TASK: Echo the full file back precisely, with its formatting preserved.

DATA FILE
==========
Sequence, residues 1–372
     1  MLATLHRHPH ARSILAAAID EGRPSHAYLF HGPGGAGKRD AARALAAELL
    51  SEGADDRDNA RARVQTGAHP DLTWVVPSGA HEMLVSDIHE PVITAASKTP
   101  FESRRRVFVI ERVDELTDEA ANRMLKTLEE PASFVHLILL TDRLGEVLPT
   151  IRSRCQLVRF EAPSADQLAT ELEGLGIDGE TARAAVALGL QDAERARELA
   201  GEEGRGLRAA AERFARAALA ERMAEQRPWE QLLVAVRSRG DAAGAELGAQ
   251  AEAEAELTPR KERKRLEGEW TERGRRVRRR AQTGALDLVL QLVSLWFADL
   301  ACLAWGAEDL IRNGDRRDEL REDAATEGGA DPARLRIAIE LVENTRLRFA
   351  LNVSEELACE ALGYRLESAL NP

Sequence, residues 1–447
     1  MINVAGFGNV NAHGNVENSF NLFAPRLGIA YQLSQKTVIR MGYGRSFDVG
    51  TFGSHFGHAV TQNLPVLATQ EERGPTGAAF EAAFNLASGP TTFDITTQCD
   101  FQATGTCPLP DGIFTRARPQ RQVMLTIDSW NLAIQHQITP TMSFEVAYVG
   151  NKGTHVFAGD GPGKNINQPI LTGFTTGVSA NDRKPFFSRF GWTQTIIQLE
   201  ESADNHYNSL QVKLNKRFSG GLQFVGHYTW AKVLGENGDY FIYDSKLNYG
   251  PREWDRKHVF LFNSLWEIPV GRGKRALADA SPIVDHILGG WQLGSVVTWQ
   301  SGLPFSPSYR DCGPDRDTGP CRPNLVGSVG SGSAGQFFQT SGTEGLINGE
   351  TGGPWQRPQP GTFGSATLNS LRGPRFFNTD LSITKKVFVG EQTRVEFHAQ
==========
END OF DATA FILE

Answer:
Sequence, residues 1–372
     1  MLATLHRHPH ARSILAAAID EGRPSHAYLF HGPGGAGKRD AARALAAELL
    51  SEGADDRDNA RARVQTGAHP DLTWVVPSGA HEMLVSDIHE PVITAASKTP
   101  FESRRRVFVI ERVDELTDEA ANRMLKTLEE PASFVHLILL TDRLGEVLPT
   151  IRSRCQLVRF EAPSADQLAT ELEGLGIDGE TARAAVALGL QDAERARELA
   201  GEEGRGLRAA AERFARAALA ERMAEQRPWE QLLVAVRSRG DAAGAELGAQ
   251  AEAEAELTPR KERKRLEGEW TERGRRVRRR AQTGALDLVL QLVSLWFADL
   301  ACLAWGAEDL IRNGDRRDEL REDAATEGGA DPARLRIAIE LVENTRLRFA
   351  LNVSEELACE ALGYRLESAL NP

Sequence, residues 1–447
     1  MINVAGFGNV NAHGNVENSF NLFAPRLGIA YQLSQKTVIR MGYGRSFDVG
    51  TFGSHFGHAV TQNLPVLATQ EERGPTGAAF EAAFNLASGP TTFDITTQCD
   101  FQATGTCPLP DGIFTRARPQ RQVMLTIDSW NLAIQHQITP TMSFEVAYVG
   151  NKGTHVFAGD GPGKNINQPI LTGFTTGVSA NDRKPFFSRF GWTQTIIQLE
   201  ESADNHYNSL QVKLNKRFSG GLQFVGHYTW AKVLGENGDY FIYDSKLNYG
   251  PREWDRKHVF LFNSLWEIPV GRGKRALADA SPIVDHILGG WQLGSVVTWQ
   301  SGLPFSPSYR DCGPDRDTGP CRPNLVGSVG SGSAGQFFQT SGTEGLINGE
   351  TGGPWQRPQP GTFGSATLNS LRGPRFFNTD LSITKKVFVG EQTRVEFHAQ